It's the Nanomeds, Stupid

The Issue: The new comic-book movies take pains to update science-speak. The lingo is nonsense, but it sure is a hoot

by John B. Carnett

John B. Carnett

First off, let me just say that i'll enjoy watching The Thing, a 600-pound creature made of orange rock, stop an oncoming 18-wheeler with his shoulder every bit as much as the next guy. But it's not the action scenes that get me excited about a movie like The Fantastic Four, which premieres on July 8. Whenever a new comic-book movie debuts, I get a kick out of seeing how the filmmakers finesse the science.

The original comics kept it simple, chalking up heroes´ powers to radiation or alien origins, but the recent batch of remakes can´t seem to resist tossing in some novel, or at least complex-sounding, science. This doesn´t make the story more plausible-it makes it funnier. Maybe I need to get out more, but I get bigger laughs from the pseudoscientific gibberish spouted in these films than I do from the tired one-liners of standard summer comedies. It´s a new genre, a kind of geek comedy.

Take last year´s Spider-Man 2. Spidey´s webslinging is impressive, but my favorite part is when Dr. Otto Octavius, a nuclear physicist who turns evil after one of his experiments goes awry, explains that he needs giant, artificially intelligent mechanical arms fused to his spine with nanowires and held in check by an inhibitor chip to control the elements of his homebuilt fusion reactor. Right. A close second: a scene in The Hulk in which mild-mannered Bruce Banner, who has recently absorbed a lethal dose of gamma radiation, sits up in his hospital bed and explains to a colleague why he isn´t dead. Why, it´s the nanomeds. â€I mean, I don´t know,†Bruce says. â€They must have, like . . . fixed me.†And what are nanomeds?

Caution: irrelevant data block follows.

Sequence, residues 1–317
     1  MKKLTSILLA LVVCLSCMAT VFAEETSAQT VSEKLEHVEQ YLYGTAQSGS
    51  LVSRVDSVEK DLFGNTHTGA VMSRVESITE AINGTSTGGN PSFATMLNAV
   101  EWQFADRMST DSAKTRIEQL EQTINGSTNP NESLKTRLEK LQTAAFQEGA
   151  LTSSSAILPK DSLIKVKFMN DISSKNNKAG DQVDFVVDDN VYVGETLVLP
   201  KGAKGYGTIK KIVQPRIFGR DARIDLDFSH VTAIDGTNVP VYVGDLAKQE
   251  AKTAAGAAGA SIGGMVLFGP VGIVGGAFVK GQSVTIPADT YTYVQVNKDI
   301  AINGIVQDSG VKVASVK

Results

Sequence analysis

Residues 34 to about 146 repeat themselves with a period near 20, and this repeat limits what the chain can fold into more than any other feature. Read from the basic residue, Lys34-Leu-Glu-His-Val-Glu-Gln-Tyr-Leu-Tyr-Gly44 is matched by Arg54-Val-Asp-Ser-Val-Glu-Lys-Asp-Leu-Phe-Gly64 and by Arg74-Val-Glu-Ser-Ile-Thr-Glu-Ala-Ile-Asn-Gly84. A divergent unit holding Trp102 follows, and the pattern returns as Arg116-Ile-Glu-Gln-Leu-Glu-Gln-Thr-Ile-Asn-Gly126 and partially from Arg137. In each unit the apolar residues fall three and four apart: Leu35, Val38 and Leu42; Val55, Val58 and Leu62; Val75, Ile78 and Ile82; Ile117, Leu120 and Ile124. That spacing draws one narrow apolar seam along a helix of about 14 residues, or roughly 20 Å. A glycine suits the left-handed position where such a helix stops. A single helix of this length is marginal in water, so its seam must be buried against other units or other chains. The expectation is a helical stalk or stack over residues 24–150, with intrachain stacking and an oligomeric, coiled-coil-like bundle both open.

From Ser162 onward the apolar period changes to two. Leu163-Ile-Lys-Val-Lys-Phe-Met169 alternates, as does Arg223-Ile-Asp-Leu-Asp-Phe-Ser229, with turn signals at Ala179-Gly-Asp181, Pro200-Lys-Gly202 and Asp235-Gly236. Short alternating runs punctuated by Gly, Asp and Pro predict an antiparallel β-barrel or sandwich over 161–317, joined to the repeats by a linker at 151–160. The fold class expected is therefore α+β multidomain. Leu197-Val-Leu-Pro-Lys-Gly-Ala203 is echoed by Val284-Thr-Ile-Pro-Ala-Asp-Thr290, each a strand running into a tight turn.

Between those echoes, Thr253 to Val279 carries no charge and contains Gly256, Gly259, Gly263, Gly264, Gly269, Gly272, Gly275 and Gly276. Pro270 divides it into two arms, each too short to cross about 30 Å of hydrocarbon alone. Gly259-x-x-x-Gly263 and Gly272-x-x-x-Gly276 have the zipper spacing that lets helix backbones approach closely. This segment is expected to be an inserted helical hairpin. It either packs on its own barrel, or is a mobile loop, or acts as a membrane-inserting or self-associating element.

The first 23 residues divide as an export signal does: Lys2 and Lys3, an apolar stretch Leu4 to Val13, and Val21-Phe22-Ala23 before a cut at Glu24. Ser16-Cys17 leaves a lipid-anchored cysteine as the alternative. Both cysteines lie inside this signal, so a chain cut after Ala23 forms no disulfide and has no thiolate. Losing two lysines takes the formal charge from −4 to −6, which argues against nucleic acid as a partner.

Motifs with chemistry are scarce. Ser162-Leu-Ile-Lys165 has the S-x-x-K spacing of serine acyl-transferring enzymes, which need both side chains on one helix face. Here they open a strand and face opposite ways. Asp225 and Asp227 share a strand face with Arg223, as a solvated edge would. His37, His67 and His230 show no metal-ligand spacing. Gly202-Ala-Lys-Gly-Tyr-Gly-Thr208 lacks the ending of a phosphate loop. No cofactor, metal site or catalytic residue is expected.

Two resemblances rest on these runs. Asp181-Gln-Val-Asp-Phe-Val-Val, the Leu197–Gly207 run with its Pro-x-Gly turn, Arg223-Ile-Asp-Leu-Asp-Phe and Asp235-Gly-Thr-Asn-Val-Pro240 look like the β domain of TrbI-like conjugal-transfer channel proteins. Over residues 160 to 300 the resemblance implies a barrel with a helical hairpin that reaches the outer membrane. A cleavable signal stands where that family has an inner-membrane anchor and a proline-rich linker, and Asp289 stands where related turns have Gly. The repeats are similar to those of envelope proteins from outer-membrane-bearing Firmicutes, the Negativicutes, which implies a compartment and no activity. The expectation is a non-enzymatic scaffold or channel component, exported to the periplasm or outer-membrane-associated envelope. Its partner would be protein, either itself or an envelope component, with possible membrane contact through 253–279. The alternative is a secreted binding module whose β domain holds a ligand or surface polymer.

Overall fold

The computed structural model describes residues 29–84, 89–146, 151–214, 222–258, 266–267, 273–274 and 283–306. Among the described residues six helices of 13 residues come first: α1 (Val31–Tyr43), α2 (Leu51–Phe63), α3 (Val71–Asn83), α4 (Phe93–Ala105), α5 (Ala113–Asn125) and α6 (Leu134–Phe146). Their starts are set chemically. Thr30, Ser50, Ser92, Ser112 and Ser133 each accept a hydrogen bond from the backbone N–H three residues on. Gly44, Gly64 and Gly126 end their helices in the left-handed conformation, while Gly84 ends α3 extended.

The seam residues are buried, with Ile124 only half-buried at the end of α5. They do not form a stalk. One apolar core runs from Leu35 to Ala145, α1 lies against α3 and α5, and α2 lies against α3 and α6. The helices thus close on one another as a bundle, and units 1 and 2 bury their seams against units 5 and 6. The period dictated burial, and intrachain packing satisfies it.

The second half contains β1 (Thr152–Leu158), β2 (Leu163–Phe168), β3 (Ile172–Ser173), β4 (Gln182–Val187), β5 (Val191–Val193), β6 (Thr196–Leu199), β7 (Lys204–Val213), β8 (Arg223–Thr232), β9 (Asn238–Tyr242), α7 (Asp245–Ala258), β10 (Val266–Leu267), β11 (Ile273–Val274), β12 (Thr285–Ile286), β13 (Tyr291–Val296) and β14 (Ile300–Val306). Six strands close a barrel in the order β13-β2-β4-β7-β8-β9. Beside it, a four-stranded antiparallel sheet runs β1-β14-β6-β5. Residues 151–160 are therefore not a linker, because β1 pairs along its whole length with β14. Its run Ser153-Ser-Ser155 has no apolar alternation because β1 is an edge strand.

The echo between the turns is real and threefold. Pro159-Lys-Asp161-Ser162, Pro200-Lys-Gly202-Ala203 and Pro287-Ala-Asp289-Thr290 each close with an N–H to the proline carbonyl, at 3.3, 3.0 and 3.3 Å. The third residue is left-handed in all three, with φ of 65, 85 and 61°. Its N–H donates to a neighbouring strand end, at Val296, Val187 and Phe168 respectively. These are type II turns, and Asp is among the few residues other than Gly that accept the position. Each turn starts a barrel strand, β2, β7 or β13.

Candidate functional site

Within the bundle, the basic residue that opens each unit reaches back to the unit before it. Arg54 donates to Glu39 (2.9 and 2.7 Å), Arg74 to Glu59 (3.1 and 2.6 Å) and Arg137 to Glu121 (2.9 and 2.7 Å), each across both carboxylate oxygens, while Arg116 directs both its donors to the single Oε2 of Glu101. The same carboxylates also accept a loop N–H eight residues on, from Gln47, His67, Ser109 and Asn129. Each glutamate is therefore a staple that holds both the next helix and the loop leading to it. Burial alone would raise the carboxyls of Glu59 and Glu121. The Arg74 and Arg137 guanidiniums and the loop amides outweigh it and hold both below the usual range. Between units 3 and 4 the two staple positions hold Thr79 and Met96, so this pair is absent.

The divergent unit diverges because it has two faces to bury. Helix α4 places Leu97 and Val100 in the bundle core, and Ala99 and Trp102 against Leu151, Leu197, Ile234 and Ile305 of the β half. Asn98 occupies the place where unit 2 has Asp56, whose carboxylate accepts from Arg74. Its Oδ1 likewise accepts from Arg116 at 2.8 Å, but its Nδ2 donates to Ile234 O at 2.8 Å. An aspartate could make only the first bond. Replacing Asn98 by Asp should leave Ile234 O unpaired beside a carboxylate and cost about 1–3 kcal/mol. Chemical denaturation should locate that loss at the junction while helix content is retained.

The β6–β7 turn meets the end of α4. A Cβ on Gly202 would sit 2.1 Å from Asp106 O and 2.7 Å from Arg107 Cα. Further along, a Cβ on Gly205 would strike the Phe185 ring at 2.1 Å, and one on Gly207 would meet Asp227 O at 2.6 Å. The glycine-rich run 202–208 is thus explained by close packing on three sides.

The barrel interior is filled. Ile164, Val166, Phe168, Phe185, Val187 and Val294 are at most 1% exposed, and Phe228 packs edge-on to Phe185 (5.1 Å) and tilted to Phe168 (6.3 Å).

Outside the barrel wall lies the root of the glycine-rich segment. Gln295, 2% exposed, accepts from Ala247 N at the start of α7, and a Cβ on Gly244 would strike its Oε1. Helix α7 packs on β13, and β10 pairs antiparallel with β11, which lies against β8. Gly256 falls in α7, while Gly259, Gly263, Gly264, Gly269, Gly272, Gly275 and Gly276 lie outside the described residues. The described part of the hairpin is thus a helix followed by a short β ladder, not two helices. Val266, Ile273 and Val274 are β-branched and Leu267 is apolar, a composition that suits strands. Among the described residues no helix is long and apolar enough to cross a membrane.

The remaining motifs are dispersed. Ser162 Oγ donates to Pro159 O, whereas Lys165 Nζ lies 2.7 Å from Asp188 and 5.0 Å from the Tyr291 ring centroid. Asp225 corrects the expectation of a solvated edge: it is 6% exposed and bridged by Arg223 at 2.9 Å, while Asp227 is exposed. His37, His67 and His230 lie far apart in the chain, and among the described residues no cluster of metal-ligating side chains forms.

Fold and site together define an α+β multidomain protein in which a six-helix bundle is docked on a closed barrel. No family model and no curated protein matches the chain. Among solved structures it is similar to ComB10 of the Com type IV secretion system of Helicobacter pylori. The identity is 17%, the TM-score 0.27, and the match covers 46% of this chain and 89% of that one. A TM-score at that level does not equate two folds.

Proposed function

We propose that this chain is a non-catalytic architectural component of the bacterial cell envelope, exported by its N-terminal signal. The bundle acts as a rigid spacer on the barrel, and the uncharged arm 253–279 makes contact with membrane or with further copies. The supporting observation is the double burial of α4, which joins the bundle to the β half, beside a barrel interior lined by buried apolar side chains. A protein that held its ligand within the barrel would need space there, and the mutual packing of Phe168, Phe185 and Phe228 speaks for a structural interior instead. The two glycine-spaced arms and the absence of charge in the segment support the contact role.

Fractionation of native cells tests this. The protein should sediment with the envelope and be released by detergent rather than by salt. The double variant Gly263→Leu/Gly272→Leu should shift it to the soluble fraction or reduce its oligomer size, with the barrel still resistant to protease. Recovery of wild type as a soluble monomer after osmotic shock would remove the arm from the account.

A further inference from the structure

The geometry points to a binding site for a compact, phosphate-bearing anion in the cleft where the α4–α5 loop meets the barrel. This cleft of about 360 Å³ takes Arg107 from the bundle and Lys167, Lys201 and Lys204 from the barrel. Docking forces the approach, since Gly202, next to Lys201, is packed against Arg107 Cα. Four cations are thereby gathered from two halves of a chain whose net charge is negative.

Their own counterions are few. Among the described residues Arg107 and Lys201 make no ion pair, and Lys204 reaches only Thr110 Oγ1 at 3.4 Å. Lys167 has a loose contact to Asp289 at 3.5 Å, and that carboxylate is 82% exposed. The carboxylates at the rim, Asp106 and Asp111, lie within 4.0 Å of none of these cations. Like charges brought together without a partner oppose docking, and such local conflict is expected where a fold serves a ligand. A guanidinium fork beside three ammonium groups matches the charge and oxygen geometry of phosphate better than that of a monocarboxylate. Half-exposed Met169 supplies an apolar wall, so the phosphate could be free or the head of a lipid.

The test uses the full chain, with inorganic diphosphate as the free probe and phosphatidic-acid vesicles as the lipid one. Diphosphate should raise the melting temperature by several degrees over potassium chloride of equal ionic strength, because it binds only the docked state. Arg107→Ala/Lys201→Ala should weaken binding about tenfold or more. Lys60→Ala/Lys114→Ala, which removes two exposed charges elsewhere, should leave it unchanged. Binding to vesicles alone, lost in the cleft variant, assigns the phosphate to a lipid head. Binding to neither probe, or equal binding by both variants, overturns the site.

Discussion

I mean, I don´t know, but they must be like . . . scientific.

The reason for all this science-speak? These days, biotech breakthroughs make headlines, theory-of-everything books lead best-seller lists, and robots clean our rugs. We may not know more science than we used to, but we certainly expect fancier terminology.

The Fantastic Four filmmakers´ motto: If you´re going to butcher the science, do it with flair. In one early scene in the screenplay I read, the group´s leader, Reed Richards, wonders if he´ll be able
to use his immersive visualization technology in combination with submolecular string theory to more precisely fix the time and place of the big bang. (Why didn´t you think of that, Hawking?)

Reed´s big ideas are what got the gang into trouble in the first place. To test one of his theories, he leads his ex-girlfriend, Sue Storm, her younger brother,
Johnny, and an astronaut named Ben Grimm into space, where they´re bombarded by cosmic rays-charged particles careening through space at near-light speeds. Back home, Reed finds he can stretch his arm around a city block, Sue can turn invisible, Ben is the aforementioned Thing, and Johnny morphs into a human flame when he gets upset.

NASA is concerned about how cosmic rays will affect astronauts-prolonged exposure could lead to a weakened immune response, even cancer. But if there were a remote possibility that the rays could turn people into superheroes, by now surely some unscrupulous baseball-team owner would have sent a few players to the International Space Station for a little pre-spring training.

Perhaps Dr. Doom, The Fantastic Four´s archrival, put it best. â€A little scientific double-talk can fool almost anyone,†he says in a 1963 issue. Mind you, I´m not complaining. My plan is to sit back, eat my popcorn, and enjoy what looks to be an action-packed romp. And if I chortle at what others in the theater consider inappropriate moments, so be it. Maybe you´ll be laughing along with me.